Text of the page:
Clinical Guidelines on the Test for Breach of Duty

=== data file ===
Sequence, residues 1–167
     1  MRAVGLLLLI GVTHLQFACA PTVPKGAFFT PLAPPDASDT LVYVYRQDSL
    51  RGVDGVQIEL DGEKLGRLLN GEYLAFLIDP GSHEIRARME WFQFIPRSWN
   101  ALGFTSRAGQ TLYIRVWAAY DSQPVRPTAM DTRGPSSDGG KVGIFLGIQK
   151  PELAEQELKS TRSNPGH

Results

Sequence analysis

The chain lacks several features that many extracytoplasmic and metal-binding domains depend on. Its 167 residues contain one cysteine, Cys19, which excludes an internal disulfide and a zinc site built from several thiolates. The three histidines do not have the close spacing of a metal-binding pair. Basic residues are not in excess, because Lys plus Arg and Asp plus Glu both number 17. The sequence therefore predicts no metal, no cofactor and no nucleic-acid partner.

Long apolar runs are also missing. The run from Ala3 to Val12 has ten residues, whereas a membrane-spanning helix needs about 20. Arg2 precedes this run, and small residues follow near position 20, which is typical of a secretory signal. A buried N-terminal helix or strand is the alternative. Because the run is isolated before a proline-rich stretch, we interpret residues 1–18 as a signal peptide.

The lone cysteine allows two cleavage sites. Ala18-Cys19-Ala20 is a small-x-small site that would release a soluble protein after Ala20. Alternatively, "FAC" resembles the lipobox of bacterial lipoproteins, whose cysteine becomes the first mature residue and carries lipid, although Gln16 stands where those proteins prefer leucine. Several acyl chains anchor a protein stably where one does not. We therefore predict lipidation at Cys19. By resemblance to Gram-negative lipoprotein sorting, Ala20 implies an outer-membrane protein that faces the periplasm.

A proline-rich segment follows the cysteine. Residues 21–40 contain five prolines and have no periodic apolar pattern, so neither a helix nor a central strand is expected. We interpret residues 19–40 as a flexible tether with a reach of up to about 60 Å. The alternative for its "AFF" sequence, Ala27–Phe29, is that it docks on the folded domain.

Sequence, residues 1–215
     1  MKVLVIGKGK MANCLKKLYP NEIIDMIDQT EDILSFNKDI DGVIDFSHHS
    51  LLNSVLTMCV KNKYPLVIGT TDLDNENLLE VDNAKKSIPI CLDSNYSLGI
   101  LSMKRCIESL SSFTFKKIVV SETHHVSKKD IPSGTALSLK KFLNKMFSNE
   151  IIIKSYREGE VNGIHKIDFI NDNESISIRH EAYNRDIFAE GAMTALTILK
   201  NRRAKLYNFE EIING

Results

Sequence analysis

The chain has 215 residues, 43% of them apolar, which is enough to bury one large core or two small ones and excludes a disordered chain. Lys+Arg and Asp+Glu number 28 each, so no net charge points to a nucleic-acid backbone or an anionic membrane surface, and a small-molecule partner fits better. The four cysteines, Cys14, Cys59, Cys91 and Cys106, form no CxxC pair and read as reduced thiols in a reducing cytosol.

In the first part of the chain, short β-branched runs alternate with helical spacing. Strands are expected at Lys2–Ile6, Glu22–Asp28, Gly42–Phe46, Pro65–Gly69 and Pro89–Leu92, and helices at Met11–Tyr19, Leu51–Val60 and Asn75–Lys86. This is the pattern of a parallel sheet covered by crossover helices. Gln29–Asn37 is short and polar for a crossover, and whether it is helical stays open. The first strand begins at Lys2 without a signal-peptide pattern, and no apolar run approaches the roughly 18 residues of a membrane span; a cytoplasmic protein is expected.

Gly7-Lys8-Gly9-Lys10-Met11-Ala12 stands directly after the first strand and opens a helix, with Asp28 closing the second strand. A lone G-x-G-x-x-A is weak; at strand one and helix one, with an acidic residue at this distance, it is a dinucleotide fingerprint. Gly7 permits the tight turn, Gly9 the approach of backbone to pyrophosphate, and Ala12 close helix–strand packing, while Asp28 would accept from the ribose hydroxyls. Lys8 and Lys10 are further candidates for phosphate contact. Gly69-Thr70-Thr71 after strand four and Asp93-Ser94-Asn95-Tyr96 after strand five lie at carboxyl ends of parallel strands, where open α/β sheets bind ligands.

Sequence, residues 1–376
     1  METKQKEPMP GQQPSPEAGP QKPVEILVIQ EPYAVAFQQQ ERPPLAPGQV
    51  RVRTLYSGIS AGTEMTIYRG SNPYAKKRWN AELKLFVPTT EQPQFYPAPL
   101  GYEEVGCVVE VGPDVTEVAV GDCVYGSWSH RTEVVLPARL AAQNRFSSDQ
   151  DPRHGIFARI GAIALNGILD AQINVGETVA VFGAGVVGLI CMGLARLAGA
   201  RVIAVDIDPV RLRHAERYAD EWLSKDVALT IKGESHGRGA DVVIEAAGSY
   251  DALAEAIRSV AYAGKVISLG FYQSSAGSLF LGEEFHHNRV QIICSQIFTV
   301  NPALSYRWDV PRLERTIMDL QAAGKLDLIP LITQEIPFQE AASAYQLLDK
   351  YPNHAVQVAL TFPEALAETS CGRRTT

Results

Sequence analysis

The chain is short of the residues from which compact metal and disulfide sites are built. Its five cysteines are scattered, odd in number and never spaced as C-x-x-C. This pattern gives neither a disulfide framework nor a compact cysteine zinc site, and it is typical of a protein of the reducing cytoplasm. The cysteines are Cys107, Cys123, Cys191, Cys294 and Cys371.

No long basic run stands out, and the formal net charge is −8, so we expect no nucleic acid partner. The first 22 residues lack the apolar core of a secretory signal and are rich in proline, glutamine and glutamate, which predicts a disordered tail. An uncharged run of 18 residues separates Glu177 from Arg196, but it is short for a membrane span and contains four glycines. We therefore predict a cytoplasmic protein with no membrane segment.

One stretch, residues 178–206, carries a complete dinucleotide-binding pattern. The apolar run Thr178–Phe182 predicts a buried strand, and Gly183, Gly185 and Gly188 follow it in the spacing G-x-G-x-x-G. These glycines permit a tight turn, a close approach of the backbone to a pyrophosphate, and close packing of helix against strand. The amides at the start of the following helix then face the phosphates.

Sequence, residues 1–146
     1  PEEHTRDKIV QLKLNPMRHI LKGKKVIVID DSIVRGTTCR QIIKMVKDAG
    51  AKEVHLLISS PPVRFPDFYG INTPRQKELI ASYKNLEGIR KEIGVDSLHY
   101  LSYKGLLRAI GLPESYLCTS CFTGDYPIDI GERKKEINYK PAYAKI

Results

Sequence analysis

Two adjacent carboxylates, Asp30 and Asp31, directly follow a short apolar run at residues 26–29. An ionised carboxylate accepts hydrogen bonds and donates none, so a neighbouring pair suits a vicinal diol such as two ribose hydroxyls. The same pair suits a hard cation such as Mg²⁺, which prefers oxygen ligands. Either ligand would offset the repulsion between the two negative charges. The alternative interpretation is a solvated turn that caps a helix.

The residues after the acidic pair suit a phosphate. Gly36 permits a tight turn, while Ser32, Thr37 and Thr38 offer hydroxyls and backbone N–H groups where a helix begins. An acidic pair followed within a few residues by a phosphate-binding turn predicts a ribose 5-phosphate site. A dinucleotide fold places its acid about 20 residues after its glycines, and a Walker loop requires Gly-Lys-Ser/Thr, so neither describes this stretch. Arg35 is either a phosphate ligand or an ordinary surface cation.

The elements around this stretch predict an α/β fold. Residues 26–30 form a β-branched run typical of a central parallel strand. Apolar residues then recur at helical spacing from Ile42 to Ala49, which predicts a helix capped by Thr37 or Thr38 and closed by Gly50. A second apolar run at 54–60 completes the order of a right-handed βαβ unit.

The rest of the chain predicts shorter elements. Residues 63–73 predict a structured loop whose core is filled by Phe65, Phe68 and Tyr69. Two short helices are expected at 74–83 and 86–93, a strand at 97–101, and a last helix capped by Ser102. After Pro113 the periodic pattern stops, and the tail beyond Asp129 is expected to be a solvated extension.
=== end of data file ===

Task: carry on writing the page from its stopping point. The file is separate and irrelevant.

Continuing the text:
<!-- wp:paragraph --> <p>This article will consider two recent cases that consider the impact of clinical guidelines on the test for breach of duty.</p> <!-- /wp:paragraph --> <!-- wp:paragraph {"style":{"typography":{"fontSize":"25px"}}} --> <p style="font-size:25px"><strong>O’Brien (administratrix of the estate of John Berry (deceased) v Guy’s and St.Thomas’ NHS Trust, [2022] EWHC 2735 (KB)</strong></p> <!-- /wp:paragraph --> <!-- wp:paragraph --> <p><strong>The background</strong></p> <!-- /wp:paragraph --> <!-- wp:paragraph --> <p>B died in 2019. There is no suggestion that his death was as a result of any negligent treatment.</p> <!-- /wp:paragraph --> <!-- wp:paragraph --> <p>B’s sister brought the claim, asserting that B’s treatment in March 2017 had been negligent. B was prescribed 400mg of the antibiotic gentamicin, which she claimed was a&nbsp; negligently excessive dose due to B’s lack of effective renal function.&nbsp;</p> <!-- /wp:paragraph --> <!-- wp:paragraph --> <p>It was agreed that the gentamicin dose had caused B’s ‘ototoxicity’ side effects, leading to balance problems which had required care from the claimant. It was disputed that the drug had also caused B’s hearing loss.</p> <!-- /wp:paragraph --> <!-- wp:paragraph --> <p>Subject to liability, damages were agreed at £45,000.</p> <!-- /wp:paragraph --> <!-- wp:paragraph --> <p><strong>The decision</strong></p> <!-- /wp:paragraph --> <!-- wp:paragraph --> <p>The decision centred around whether the decision to prescribe 400mg of gentamicin had been <em>Bolam</em> negligent.</p> <!-- /wp:paragraph --> <!-- wp:paragraph --> <p>The claim was dismissed because the prescription of gentamicin (and it’s administration some hours later when the infection had become worse) had not been negligent despite causing B ototoxicity with balance problems and hearing loss.</p> <!-- /wp:paragraph --> <!-- wp:paragraph --> <p>The Court did not accept the argument that Dr M had simply ‘applied’ the ICU guidelines, nor that he had ‘overlooked B’s condition or extremely limited renal function.’</p> <!-- /wp:paragraph --> <!-- wp:paragraph --> <p>The Court noted that even if Dr M <em>had</em> applied the ICU guideline without adaptation, the specific circumstances were sufficiently nuanced for him to have done so.</p> <!-- /wp:paragraph --> <!-- wp:paragraph --> <p>Indeed, the Court concluded that even if the circumstances had been insufficiently nuanced, there were cogent reasons for taking a ‘one size fits all’ approach in ICU.</p> <!-- /wp:paragraph --> <!-- wp:paragraph --> <p>The Court noted that there were good, logical and indeed cogent reasons for ICU guidelines or practice to depart from national guidelines which turn on creatinine clearance rate/glomerular filtration rate levels.</p> <!-- /wp:paragraph --> <!-- wp:paragraph --> <p>Dr M departing from the NICE/BNF guideline for B had been justified by good, logical and cogent reasons. His decision to prescribe 400mg of gentamicin to B, despite his improvement in clinical presentation, and the planned step down to Stephen Ward if he had tolerated faster dialysis had been logical, reasonable and in accordance with a responsible body of clinical opinion.</p> <!-- /wp:paragraph --> <!-- wp:paragraph --> <p>The fact that Dr M had used a flawed guideline did not prove that his decision had been negligent. In adapting the guidelines which were poorly worded (as opposed to blindly applying them) Dr M had made a ‘<em>Bolitho­</em>-logical’, <em>Bolam</em>-compliant clinical judgment in accordance with a sound body of practice confirmed by Dr D.</p> <!-- /wp:paragraph --> <!-- wp:paragraph --> <p>Causation was therefore not proven.</p> <!-- /wp:paragraph --> <!-- wp:paragraph --> <p><strong>The law</strong></p> <!-- /wp:paragraph --> <!-- wp:paragraph --> <p>A review of the authorities raised the following points for practitioners:</p> <!-- /wp:paragraph --> <!-- wp:list {"ordered":true,"type":"1"} --> <ol type="1"><li>Even ‘national’ clinical guidelines were not a substitute for clinical judgment in an individual case.</li><li>It followed that even ‘national’ clinical guidelines were not a substitute for expert evidence about that impugned clinical judgment. However, they might inform expert evidence, e.g. as additional evidence of a <em>Bolam </em>compliant body of practice at a particular time, even if the guideline came later.</li><li>Departure from a national guideline was not necessarily prima facie evidence of negligence, but would be likely to require some explanation, with the nature and detail required being dependant upon the circumstances, including the ‘strength’ of the guideline’s steer. An incomplete or contradictory guideline may require less explanation.</li><li>Compliance with a national guideline might be prima facie inconsistent with negligence if the guideline constituted a <em>Bolam </em>compliant body of opinion. Even if the national guidelines were incomplete or unsatisfactory, compliance with them may still ‘militate against negligence’ depending upon the circumstances. However, the same cannot be said of in house guidelines as a defendant could not set their own <em>Bolam </em>standard of care.</li><li>What ultimately matters are whether the conduct fell within a <em>Bolam</em> compliant practice in the usual way. Clinical guidelines are relevant, and should be considered, but were no substitute (or shortcut) for clinical judgment and expert evidence.</li></ol> <!-- /wp:list --> <!-- wp:paragraph {"style":{"typography":{"fontSize":"25px"}}} --> <p style="font-size:25px"><strong>Thorley (by his litigation friend) v Sandwell and West Birmingham NHS Trust [2021] EWHC 2604 (QB)</strong></p> <!-- /wp:paragraph --> <!-- wp:paragraph --> <p><strong>The background</strong></p> <!-- /wp:paragraph --> <!-- wp:paragraph --> <p>In February 2002 Graham Thorley was diagnosed with atrial fibrillation and prescribed a daily 3.5mg dose of warfarin.</p> <!-- /wp:paragraph --> <!-- wp:paragraph --> <p>In March 2005 Mr Thorley suffered chest pain and a coronary angiogram was arranged. On advice, Mr Thorley stopped his daily dose of warfarin for a 6 day period (4 days prior to, and one day post procedure).</p> <!-- /wp:paragraph --> <!-- wp:paragraph --> <p>The angiogram was uneventful and Mr Thorley was discharged home. He asked about the warfarin dose and it was agreed that he would not restart it until he attended the follow up clinic post procedure. At the clinic, Mr Thorley was advised to restart the drug on a reduced dose of 3mg.</p> <!-- /wp:paragraph --> <!-- wp:paragraph --> <p>3 days after the angiogram, Mr Thorley suffered an ischaemic stroke resulting in permanent and severe physical and cognitive disability.</p> <!-- /wp:paragraph --> <!-- wp:paragraph --> <p>Mr Thorley asserted that the Trust was in negligent breach of duty in that the cessation of warfarin should have been limited to the three days prior to the angiogram, and should have been restarted the same day as the procedure at the usual dose of 3.5mg, as set out in the 2004 guidance (Anticoagulation and Surgery (Sandwell)). These breaches caused or materially contributed to the occurrence of the stroke.</p> <!-- /wp:paragraph --> <!-- wp:paragraph --> <p>The Trust denied the breach, save as to admit that warfarin should have been restarted by no later than the day after the angiogram at the usual dose of 3.5mg. As to causation, the Trust asserted that Mr Thorley would have suffered the stroke in any event.</p> <!-- /wp:paragraph --> <!-- wp:paragraph --> <p><strong>The decision</strong></p> <!-- /wp:paragraph --> <!-- wp:paragraph --> <p>The Court rejected the case that those treating the claimant should have applied the provisions within the 2004 document. The existence of the 2004 guidance did not mean that it had been ‘illogical’ to have applied an alternative and responsible practice of a body of competent practitioners. The expert evidence provided no basis to conclude that a three day period of omission of warfarin would have constituted ‘better’ practice when compared to four or five days.</p> <!-- /wp:paragraph --> <!-- wp:paragraph --> <p>In respect of the decision to wait until the day after the procedure to restart the warfarin, there was a body of competent and responsible practitioners, including Dr C who gave expert evidence on behalf of the Trust, who would have deferred the restart of warfarin until the day after the practice.</p> <!-- /wp:paragraph --> <!-- wp:paragraph --> <p>In light of these findings, the ‘but for’ case on causation was academic.</p> <!-- /wp:paragraph --> <!-- wp:paragraph --> <p><strong>The law</strong></p> <!-- /wp:paragraph --> <!-- wp:paragraph --> <p>It was reiterated that the principle test remained that a doctor was not negligent if he had acted in accordance with a practice accepted as proper by a reasonable body of medical men skilled in that particular art (as per <em>Bolam</em>).&nbsp; Further, the Court had to be satisfied that the exponents of the body of opinion relied upon could demonstrate that such an opinion had a logical base (<em>Bolitho</em>).</p> <!-- /wp:paragraph --> <!-- wp:paragraph --> <p>The Court affirmed that any Judge determining such a case would need to be satisfied that the experts had directed their minds to the comparative risks and benefits, and had reached a defensible conclusion.&nbsp;</p> <!-- /wp:paragraph --> <!-- wp:paragraph --> <p><strong>Points to take away from both cases</strong></p> <!-- /wp:paragraph --> <!-- wp:paragraph --> <p>The headline point is clear – the law as set out in <em>Bolam </em>and <em>Bolitho </em>stands.</p> <!-- /wp:paragraph --> <!-- wp:paragraph --> <p>Whilst clinical guidelines are important and may provide evidence of ‘a reasonable body of medical men’ to satisfy the <em>Bolam </em>test, they are not necessarily determinative. A failure to follow guidelines does not automatically mean that a practitioner has been negligent provided that they are able to evidence that they have relied upon or considered alternative reputable expert advice. In any case, the individual circumstances need to be considered and the risks and benefits carefully weighed up.</p> <!-- /wp:paragraph --> <!-- wp:paragraph --> <p>In short – following guidelines may amount to a defence (provided that they are considered and not simply applied without any consideration). Not following guidelines will likely require explanation but does not automatically equate to negligence.</p> <!-- /wp:paragraph -->